Alrighty then! Rant over. Next time, we’ll discuss the side plank, and explore about 8-different exercises that are more effective and don’t have the added “benefit” of irritating the shit out of your lateral knee ligaments.

        It’s what I do, people….It’s what I do….:)

        Reply
        1. Will Arias

          Las thing, Derrick, I don’t know if in America (or wherever your country of origin is) saying something like “…if you just have a hard on about raising the leg off the ground…” literally has the same vulgar connotation than here in Australia. Therefore, without pretending to be more catholic than the pope, i would respectfully recommend you to measure the way you communicate some thoughts, even if there is not harmful intention whatsoever; and, call me old fashion, but keep in mind than many of the readers are women and, some of them might find offensive than kind of language. At least, is our responsibility, as blokes, to be tactful and respectful towards them. Believe me that I regard you highly as a professional and thats why i dare to give you this semantic feedback. One thing is saying such thing to one of your mates, privately, but it is different when you unleash your ideas to the world. If Bret decide to erase this comment is totally fine with me, but trust me, sometimes is better to breathe twice to review our thoughts before expressing your concepts, even if they are great. Cheers. Will

          Reply
          1. Derrick Blanton

            Hi Will, I just checked in, and I’m running out the door, so I just quickly scanned your post(s). Sorry to offend you, just an off-color bit of humor on an irreverent rant.

            Sure you are always training a degree of balance, for example I prefer free weight training to machine training generally for this very reason. At some point, the level of force capable diminishes to the point where you are providing progressively more limited adaptations on either end of the spectrum.

            I like to train balance, really train balance, and then segue into the more stabilized lift, where the improved balance is further helpful, rather than LOAD heavy the highly unbalanced variation. My bias is to use the newly acquired balance in service of more stabilized strength gains, not so much as a strength move in, and of itself.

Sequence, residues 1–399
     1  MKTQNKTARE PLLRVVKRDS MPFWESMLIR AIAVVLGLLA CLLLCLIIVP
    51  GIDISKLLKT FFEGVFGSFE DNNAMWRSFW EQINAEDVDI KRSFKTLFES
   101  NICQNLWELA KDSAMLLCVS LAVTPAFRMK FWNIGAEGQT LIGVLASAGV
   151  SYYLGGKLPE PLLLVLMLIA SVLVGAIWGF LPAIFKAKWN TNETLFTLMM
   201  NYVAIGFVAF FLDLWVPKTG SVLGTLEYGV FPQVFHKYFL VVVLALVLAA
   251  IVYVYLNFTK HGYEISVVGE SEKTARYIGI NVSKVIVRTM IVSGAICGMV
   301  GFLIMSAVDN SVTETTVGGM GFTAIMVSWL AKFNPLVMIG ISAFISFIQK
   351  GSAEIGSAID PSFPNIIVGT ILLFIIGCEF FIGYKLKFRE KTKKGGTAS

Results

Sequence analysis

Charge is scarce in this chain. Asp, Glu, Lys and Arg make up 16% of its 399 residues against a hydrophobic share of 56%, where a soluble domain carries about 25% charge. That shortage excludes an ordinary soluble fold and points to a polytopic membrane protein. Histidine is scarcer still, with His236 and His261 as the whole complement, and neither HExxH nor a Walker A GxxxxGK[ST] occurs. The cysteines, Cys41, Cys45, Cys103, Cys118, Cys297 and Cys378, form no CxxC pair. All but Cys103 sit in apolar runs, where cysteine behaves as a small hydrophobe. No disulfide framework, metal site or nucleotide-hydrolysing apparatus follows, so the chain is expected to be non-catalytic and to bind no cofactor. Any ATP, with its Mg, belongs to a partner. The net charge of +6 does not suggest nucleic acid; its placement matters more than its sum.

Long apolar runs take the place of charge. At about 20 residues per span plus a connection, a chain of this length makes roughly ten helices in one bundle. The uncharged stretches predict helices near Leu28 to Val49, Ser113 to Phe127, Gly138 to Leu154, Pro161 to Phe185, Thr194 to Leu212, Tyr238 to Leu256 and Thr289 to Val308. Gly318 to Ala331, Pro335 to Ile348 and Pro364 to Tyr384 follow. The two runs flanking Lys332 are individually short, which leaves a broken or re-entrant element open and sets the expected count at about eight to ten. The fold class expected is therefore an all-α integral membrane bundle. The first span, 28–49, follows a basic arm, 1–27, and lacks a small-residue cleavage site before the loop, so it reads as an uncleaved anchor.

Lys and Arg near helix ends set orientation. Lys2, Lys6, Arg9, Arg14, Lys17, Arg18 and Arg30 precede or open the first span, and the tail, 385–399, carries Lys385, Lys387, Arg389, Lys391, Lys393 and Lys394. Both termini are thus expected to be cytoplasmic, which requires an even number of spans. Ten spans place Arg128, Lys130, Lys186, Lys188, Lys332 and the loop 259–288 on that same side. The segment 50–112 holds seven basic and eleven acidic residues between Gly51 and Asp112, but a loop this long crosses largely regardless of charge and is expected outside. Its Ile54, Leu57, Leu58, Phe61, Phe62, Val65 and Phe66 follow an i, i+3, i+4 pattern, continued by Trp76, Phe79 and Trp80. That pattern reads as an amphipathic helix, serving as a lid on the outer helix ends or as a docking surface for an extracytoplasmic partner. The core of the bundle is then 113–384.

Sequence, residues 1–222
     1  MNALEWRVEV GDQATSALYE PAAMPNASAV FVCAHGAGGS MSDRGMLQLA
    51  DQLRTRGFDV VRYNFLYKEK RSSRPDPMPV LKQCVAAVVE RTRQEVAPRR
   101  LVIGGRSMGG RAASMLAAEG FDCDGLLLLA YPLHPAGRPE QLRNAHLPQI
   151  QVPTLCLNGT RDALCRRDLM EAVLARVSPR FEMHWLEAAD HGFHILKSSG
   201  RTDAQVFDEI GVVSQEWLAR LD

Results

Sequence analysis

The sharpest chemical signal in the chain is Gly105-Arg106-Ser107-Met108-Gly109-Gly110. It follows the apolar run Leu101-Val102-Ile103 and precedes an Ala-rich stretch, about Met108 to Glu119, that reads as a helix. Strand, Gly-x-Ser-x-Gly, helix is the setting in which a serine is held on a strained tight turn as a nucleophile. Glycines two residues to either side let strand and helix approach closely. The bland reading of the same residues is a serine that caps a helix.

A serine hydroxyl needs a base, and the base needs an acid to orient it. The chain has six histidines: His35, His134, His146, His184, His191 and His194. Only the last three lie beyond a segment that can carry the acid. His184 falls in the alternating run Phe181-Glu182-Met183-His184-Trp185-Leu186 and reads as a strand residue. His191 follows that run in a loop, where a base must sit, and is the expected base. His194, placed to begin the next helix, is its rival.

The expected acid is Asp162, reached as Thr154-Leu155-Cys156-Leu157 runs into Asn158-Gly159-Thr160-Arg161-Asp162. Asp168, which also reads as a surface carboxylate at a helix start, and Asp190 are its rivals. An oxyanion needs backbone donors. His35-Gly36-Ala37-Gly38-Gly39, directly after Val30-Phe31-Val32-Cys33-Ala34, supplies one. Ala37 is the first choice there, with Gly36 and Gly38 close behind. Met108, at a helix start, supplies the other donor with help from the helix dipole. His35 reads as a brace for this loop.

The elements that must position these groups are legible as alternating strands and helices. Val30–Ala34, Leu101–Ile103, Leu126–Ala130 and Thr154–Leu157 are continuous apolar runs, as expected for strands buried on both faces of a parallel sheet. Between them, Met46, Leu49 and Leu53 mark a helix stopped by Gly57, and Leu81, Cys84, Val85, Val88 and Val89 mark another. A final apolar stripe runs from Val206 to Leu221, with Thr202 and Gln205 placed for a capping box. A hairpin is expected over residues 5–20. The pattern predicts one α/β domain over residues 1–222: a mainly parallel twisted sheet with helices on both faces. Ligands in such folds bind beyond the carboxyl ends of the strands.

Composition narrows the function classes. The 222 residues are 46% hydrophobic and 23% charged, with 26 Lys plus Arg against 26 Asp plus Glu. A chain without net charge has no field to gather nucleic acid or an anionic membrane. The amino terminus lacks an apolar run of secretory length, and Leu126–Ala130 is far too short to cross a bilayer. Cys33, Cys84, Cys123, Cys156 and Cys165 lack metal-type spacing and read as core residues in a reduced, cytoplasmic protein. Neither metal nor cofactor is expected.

This is another CNS activation trick, like going from a deficit DL to a regular DL to open up the floodgates of neural flow. Less leverage to more leverage analogous to less stable to more stable.

            I’ll let BC respond to how much load he needs to make strength adaptations, he is a near 600-lb. DLer, and supra 600-lb. HTer, so I would surmise that he will need a substantial load on even on one leg to further provoke adaptation.

            Cheer, Will!

            (P.S. not really a Bosu fan, just maybe as previously described as a light proprioceptive enhancer, on the path to more conventional lifts….OK, must go now!!)

      2. Will Arias

        Thanks Bret And Derrick for your responses and ideas. However, here is my point: Bret, i saw your KB SL RDL with bracing and these are my humble conclusions:

        • Holding from the bench might sort the “balance” issue but there is also less chance to assess weaknesses and/or stimulate neutralisers and stabilisers.

        • Do you see how your big toe is pointing out, indicating external rotation of the hip? Well, i reckon, and back in up myself after reading other great authors (and personal experimentation), the bracing technique not necessarily suggest that the hinge is being more effective in terms of ROM or recruiting more activity in the hamstrings and adductor group in the process.

        • Also, such external rotation suggest that the Spinal extensors, particularly the QL and the multifidi, are not being encourage to work evenly, as the uneven high of the hips suggest.

        • While performing SL RDL’s, the glut max is still the main mover , of course. Nevertheless, by keeping one leg in the air, one of the goals is also to make the knee stabilisers like VMO and GLUTEUS MEDIUS to work a bit harder but such value is ostensibly reduce by grabbing a bench for the sake of controlling the “balance factor”.

        • In fact, an hypothetical KB SL RDL without bracing would be detrimental rather tan helpful if the goal is avoid the inner the valgus collapse. On the other hand, The Single leg barbell RDL is actually suited to contribute in that purpose, as the knee stabilisers must fire up in order to maintain the hips even, which mechanically helps to keep the “standing” knee away from tracking inwards.